Do you need to approach health and safety differently during winter? We look at 3 things you should take into consideration.
The clocks have been wound back an hour, the temperature is falling and it’s dark at 4pm – winter has arrived and it is that time of the year again to look at health and safety in the colder months.
Keeping yourself and other workers safe in the winter doesn’t just apply to those who work outdoors. Everyone needs to take extra precautions from a construction worker to someone sitting at their desk in a warm office.
In this week’s blog, we are going to have a look at some basic health and safety measures to keep in mind over the winter period.
Ensure Proper Personal Protective Equipment (PPE) Is Used
While this is a legal requirement all year round, extra thought needs to be given in adverse weather conditions.
Proper PPE includes waterproof clothing to combat against rain, sleet or even snow and even things such as gloves need to be thought about carefully. If a worker requires good movement in their hands and fingers to operate machinery safely then standard gloves might not be suitable and the employer should look into gloves made from material that provides adequate movement. The same goes for bulky clothing such as jackets.
Effective Personal Protective Equipment should keep employees healthy against cold and wet weather while also allowing them to do their job correctly and operate machinery safely.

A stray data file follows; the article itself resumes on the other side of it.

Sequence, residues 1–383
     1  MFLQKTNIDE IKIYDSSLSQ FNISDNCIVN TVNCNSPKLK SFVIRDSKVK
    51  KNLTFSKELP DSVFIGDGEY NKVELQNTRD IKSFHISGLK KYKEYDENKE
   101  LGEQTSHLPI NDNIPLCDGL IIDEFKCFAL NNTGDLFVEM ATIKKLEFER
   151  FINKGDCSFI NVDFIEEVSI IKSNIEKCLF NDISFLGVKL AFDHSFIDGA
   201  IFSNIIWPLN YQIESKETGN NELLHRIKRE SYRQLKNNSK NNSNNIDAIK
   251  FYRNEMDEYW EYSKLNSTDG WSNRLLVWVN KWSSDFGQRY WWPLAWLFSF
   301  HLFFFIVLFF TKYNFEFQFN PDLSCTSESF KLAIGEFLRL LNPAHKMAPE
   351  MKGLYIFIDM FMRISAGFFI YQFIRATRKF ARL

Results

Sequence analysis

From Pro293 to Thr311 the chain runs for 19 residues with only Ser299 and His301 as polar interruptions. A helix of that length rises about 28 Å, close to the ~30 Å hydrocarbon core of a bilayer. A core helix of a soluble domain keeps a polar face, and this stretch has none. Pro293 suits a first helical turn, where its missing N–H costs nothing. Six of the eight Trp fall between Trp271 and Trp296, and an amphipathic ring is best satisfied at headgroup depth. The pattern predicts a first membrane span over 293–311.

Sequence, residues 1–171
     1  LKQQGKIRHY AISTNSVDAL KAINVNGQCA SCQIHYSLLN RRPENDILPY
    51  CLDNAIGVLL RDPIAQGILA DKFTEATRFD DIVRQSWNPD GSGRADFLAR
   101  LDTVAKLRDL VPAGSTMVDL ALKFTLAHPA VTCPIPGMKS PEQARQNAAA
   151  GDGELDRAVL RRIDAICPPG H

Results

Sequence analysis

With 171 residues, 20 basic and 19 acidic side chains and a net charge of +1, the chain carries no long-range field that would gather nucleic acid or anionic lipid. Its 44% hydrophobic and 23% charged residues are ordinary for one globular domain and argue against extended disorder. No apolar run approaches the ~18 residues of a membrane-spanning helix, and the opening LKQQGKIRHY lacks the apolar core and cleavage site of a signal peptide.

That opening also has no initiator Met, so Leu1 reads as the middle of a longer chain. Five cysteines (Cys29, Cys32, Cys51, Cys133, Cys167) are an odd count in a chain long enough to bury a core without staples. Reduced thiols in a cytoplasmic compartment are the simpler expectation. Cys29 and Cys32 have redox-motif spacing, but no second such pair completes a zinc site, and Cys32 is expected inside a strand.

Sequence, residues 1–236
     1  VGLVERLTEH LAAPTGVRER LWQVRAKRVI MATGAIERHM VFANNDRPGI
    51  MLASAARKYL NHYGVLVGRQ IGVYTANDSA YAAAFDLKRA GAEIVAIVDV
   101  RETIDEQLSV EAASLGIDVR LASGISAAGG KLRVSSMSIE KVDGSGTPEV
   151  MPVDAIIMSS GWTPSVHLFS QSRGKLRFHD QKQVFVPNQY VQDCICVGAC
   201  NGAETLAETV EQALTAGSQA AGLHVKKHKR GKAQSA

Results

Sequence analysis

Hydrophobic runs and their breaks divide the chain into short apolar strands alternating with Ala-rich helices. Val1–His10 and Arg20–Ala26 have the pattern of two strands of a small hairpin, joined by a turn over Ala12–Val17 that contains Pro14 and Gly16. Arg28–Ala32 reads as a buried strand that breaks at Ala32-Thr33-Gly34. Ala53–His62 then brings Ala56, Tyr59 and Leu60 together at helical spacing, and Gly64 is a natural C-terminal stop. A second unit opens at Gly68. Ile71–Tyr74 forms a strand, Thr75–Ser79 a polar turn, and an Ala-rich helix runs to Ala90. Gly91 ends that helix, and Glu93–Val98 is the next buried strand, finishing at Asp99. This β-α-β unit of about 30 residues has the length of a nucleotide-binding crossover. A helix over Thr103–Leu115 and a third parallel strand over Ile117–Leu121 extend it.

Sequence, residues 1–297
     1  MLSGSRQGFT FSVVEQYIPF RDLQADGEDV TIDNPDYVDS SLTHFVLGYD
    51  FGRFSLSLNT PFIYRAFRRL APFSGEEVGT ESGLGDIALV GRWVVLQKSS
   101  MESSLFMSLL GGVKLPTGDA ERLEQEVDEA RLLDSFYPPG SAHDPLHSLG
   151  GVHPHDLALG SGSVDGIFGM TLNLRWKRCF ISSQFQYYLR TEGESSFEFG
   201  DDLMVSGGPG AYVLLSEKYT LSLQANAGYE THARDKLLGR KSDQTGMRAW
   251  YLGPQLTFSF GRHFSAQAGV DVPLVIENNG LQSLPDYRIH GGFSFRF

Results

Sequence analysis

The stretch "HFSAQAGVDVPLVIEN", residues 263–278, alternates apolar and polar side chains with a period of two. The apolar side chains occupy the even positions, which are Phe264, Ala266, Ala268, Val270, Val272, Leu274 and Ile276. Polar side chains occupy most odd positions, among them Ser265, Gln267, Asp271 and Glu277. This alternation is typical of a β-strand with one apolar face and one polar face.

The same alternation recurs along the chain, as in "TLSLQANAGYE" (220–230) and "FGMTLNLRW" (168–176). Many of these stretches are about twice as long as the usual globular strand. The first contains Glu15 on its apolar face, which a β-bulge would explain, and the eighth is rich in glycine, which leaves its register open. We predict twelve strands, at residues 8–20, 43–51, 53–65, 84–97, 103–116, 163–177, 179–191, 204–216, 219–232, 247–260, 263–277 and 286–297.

Carry Out Winter Risk Assessments
Icy ground, wet and slippery surfaces and low lighting are all things that can cause an increase in accidents happening during the winter months.
This is why it is important to carry out winter risk assessments to maintain safety in the workplace. Areas being worked in and also tasks that are ordinarily safe during other parts of the year might not necessarily be safe over the cold season.
The HSE provides good advice on what to look out for and also what to take into account when working in difficult conditions.
Don’t Overheat The Office
We blogged about safety and workplace temperatures back in January – Can You Get A Half Day Because Your Workplace Is Too Cold? – and while there is no legal minimum temperature that you can get sent home (although the code of practice is 16 degrees Celsius), reasonable adjustments and considerations need to be taken by the employer.
That being said, overheating an office because of the cold weather isn’t good for health and safety either. Overly hot offices aren’t comfortable to work in and it can actually contribute to the spread of germs and infections. It also has an impact on productivity too – the daily 3pm slump will be much more noticeable.
Keeping the office at a comfortable temperature throughout the day is key to maintaining health and safety during winter.
Working Safely In The Winter Months
The cold weather, dark mornings and evenings and adverse conditions such as rain, sleet and snow all pose problems from a health and safety perspective even if you predominately work indoors.
Extra consideration needs to be taken to ensure that staff are protected and kept safe against the elements. Some tasks that are safe to carry out in the summer might not be in the winter.
Accidents can occur all year round however during winter there are more problems to contend with so maintaining safety at work needs careful thought but with proper advice and winter focused risk assessments then the chances of incidents occurring will be greatly reduced.